American Mortgage Network is back as an employee-owned lender
The American Mortgage Network name is being revived again, this time for a de novo company that will be 100% employee owned.
The original company was founded by John Robbins and sold to Wachovia in 2005. Then in 2011, Bexil American Mortgage was started by Robbins and others; and Bexil’s wholesale business operated as American Mortgage Network. Robbins has no ties to the new firm.
The principals at this new version of American Mortgage Network include Joseph Restivo, president and CEO; David Wallace, executive vice president and chief financial officer; and Sherry Chappell, chief operating officer.
Restivo was the founder, owner and operator of two mortgage brokerage firms and one mortgage bank. Wallace previously was EVP, CFO and co-founder of Bexil American and the division CFO of American Mortgage Network-Wachovia Bank. He also has held several other executive-level jobs within the mortgage industry. Chappell has served as the COO for several national mortgage companies.
Rather than setting up a traditional ownership structure, all of the equity in the company is distributed through an employee stock ownership plan. The founders supplied the initial equity for the company but pledged their ownership share to the ESOP. AmNet plans to sell its servicing rights rather than retain them and use those proceeds to purchase assets for the plan as well.
“I saw an opportunity to create something very exciting for retirement for all the employees and get everybody to work together as a team, versus having operations and sales constantly butting heads. It really was a way to band everybody together,” Restivo said in an interview at the recent Mortgage Bankers Association annual convention.
“In our minds, the traditional way of building a mortgage bank with either our own funds or with big private equity coming in wouldn’t allow us to do this. So we’re giving up all of our equity, it’s going into an ESOP and we’re going to earn our shares back with the rest of the employees,” Wallace said during the interview.
AmNet chose the ESOP structure in part because it would allow the company to make corporate decisions in conjunction with its employees, rather than a venture capitalist investor who might have little knowledge of the mortgage business, Restivo said.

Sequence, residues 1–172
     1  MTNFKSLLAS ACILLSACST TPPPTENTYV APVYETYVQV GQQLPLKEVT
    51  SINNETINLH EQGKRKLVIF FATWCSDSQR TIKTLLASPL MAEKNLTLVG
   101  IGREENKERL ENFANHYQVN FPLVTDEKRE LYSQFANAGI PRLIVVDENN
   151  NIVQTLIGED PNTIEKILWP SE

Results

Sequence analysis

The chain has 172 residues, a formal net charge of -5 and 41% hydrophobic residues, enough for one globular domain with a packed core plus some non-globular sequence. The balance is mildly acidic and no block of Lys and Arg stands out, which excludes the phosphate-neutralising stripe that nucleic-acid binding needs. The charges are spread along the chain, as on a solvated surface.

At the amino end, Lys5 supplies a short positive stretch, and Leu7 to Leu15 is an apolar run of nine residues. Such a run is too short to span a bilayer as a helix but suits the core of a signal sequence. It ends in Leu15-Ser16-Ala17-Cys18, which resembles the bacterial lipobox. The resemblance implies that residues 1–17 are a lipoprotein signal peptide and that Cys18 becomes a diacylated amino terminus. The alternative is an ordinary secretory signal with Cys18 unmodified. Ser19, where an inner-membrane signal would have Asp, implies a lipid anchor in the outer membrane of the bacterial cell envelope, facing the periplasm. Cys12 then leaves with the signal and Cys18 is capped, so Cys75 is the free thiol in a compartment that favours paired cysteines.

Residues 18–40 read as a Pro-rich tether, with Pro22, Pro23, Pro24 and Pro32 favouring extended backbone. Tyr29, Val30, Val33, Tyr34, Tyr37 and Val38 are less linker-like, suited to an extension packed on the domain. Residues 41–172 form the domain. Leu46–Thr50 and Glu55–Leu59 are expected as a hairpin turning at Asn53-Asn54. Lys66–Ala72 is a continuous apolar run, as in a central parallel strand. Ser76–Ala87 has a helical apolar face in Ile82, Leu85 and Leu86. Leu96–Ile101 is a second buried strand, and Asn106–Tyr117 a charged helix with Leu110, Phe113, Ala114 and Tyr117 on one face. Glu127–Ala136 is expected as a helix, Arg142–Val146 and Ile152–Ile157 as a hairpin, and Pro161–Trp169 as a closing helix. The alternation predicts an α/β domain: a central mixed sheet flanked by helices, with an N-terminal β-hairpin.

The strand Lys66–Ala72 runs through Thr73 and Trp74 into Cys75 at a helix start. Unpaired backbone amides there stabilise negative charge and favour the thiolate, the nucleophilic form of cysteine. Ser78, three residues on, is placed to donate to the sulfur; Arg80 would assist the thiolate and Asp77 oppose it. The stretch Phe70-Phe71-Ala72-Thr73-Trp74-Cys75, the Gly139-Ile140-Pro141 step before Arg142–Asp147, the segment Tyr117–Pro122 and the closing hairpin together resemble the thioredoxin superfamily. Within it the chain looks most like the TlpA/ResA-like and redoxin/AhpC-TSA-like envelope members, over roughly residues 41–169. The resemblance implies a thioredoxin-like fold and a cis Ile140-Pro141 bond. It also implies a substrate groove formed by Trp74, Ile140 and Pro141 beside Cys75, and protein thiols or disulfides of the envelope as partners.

The ESOP is set up as a risk qualified retirement plan under section 401(a) of the tax code. The profits of the company will be invested in real estate assets and generate income for that plan for eventual distribution for employees that reach retirement age.
Under this structure, the top executives will earn roughly the same as the top originators and top operations staff, Wallace said.
Furthermore, all of the company’s staff and executives are $15 or $16 per-hour employees, although there is the opportunity to earn additional compensation on a variable basis, based on the success of the company.
“We designed this thing to last and not cripple the company when volume goes down,” Restivo said. “We wanted to put ourselves in a position where we’d never have to lay people off because of a change in the market.”
Another differentiator will be the technology setup.
“The philosophy with what we’re doing now, with technology being so much more advanced than when I ran the last company, is we wanted to make a 100% web-based platform, so anybody can be anywhere in the world and be able to work,” said Restivo. “We have decentralization, we have more efficiency, we do not have to hire a huge IT department to manage technology. We push that support back on the vendors.”
A browser-based, cloud-based system enables the company to ensure data security and managing customers’ personal information, he added.
The new AmNet is 100% retail, focusing on conventional loans as well as Federal Housing Administration and Veterans Affairs offerings. It also will fund non-qualified mortgages, particularly jumbo loans.
As of late October, the company was licensed in nine states, with 14 more pending.